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SSummary

In Haliotis tuberculata, Patella vulgata and Patina pellucida the young are hatched at an early trochophore stage and remain only a few days in the plankton, but in Calliostoma zizyphinum the whole of this phase takes place within the egg membranes and the larva is plantigrade from the time of hatching.

In all four genera the larval retractor muscle is derived from mesoderm cells arising from cell 4 d, before torsion begins (Smith, 1935; Crofts, 1937). The present investigation shows that during the first phase of torsion the retractor consists of six spindle-shaped cells all attached to the shell apex on the pre-torsional right side. The anterior attachments on that side relate to retraction of the velum and mantle. On the pre-torsional left side the retractor cells relate to the left side of the velum and, curving in sickle fashion above the primitive gut, have attachments to the left side of the foot rudiment. The musculature of the right side of the foot does not develop until after the first half of torsion has taken place. There is, therefore, evidence in all four genera that the larvae are asymmetrical before torsion begins.

Garstang's hypothesis (1929) concerning the origin of gastropod torsion was based on a probable mutation involving asymmetry in two ancestral larval muscles, a left one related to the foot and a right one to the head. From the evidence, however, it is clear that the single asymmetrically placed larval muscle of the head and left side of the foot is the ontogenetic cause of the beginning of the torsion process.

Garstang's hypothesis (1929) concerning the origin of gastropod torsion was based on a probable mutation involving asymmetry in two ancestral larval muscles, a left one related to the foot and a right one to the head. From the evidence, however, it is clear that the single asymmetrically placed larval muscle of the head and left side of the foot is the ontogenetic cause of the beginning of the torsion process.

In the four genera investigated torsion takes place in two phases. The first part (90 degrees in Haliotis, Patella and Patina and rather more in Calliostoma) takes place with rapidity varying from three to six hours in Haliotis and Calliostoma to ten to fifteen hours in Patella. The amount of yolk provided in the egg influences the length of time taken before torsion begins and therefore it affects the stage of development reached by the muscles; consequently both factors influence the time taken to complete the first phase of torsion. The position of the shell attachment of the larval retractor also affects the speed and extent of the first part of torsion. The second phase of rotation is slower, taking from thirty-two hours in Calliostoma to some 200 hours in Haliotis; it is due mainly to differential growth. Retraction into the shell is possible before 180 degrees torsion is complete.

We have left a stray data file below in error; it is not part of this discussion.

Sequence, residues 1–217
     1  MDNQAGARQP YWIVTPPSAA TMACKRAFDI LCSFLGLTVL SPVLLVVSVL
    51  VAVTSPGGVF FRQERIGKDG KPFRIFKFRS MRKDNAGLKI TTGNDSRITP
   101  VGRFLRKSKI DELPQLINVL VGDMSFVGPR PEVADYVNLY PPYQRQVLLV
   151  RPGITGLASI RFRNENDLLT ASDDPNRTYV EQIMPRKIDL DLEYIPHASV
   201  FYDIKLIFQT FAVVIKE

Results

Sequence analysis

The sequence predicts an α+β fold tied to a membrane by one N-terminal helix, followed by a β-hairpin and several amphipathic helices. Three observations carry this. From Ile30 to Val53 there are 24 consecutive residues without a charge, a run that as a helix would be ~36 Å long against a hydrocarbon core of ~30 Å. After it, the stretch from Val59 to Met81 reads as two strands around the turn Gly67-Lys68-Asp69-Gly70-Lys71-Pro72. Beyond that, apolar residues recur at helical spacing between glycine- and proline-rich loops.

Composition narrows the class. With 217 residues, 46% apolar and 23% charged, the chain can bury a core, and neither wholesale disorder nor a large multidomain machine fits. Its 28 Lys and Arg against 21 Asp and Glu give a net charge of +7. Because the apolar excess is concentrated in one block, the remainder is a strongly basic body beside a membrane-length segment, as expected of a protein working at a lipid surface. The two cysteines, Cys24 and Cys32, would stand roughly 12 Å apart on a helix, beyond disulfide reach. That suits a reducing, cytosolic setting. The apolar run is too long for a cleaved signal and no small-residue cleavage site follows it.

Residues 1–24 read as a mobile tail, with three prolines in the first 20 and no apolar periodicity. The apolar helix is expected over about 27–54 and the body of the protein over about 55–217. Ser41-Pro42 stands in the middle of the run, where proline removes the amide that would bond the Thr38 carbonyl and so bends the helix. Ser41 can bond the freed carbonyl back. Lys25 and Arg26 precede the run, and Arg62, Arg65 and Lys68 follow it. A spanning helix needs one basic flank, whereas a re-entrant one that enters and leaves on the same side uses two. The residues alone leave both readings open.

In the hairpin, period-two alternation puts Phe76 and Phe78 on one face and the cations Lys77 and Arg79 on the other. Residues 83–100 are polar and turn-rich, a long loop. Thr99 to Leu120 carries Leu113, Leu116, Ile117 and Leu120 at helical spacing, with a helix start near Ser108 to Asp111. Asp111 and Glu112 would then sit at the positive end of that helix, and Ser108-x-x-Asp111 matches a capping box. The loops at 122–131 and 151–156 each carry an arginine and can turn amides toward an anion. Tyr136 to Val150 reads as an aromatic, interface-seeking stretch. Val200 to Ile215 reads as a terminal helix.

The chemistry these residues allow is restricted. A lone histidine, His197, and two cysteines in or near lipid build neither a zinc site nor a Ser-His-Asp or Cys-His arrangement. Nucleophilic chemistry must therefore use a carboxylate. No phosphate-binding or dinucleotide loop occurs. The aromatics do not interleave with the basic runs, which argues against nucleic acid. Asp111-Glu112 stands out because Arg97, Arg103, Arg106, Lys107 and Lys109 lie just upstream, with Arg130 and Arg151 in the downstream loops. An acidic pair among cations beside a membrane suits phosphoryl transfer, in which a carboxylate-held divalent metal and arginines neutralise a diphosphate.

The pedal musculature of the definitive right side develops in all four genera during the second phase of torsion and assists the progress of torsion. It develops from the mesoderm of the post-torsional right side and becomes the typical columellar muscle of Calliostoma and the hypertrophied one of Haliotis. Contrary to previous supposition, the retractor muscle of the pre–torsional larva does not become the columellar muscle in the genera investigated. It is probable that the definitive right shell muscle is a pair to the pre–torsional asymmetrical larval retractor, delayed in development, and that the two muscles may represent the two ancestral muscles of the bellerophonts.

In Haliotis, Calliostoma and Patella the pre-torsional larval retractor and the definitive right shell muscle are equal in size and bilaterally situated by the time the velum has disappeared and torsion is complete. In the post-larval Calliostoma the columellar muscle alone persists, the larval retractor being reduced and lost as in the majority of prosobranchs. In Haliotis, however, the original larval retractor muscle persists as a small shell attachment muscle near the margin of the topographical left side; it has been assumed incorrectly that this definitive left muscle is a secondarily developed one.

The specialized characters individual to all four genera investigated develop at a late period, only after the two phases of torsion are complete and the larvae have lost the velum for several days in Calliostoma and Patella; in Haliotis the larvae have been plantigrade for a month. Although complete retraction into the shell lasts only until specialization in the post-larval stage has set in for Haliotis and Patella, the operculum remains for some days after its function is lost. In this respect they differ from Scissurella (=Incisura) which, as shown by Bourne (1910), retains the ability to retract into the shell and a reduced operculum persists in the adult.

The evidence of muscle morphogenesis and of the adult topography of the muscles of primitive gastropods generally is compared with the new palaeontological evidence published by Knight (1947–1952), who discovered paired retractor muscle scars in Bellerophon and Sinuites. The bearing of this evidence on the phylogeny of the families of the Archaeogastropoda is discussed.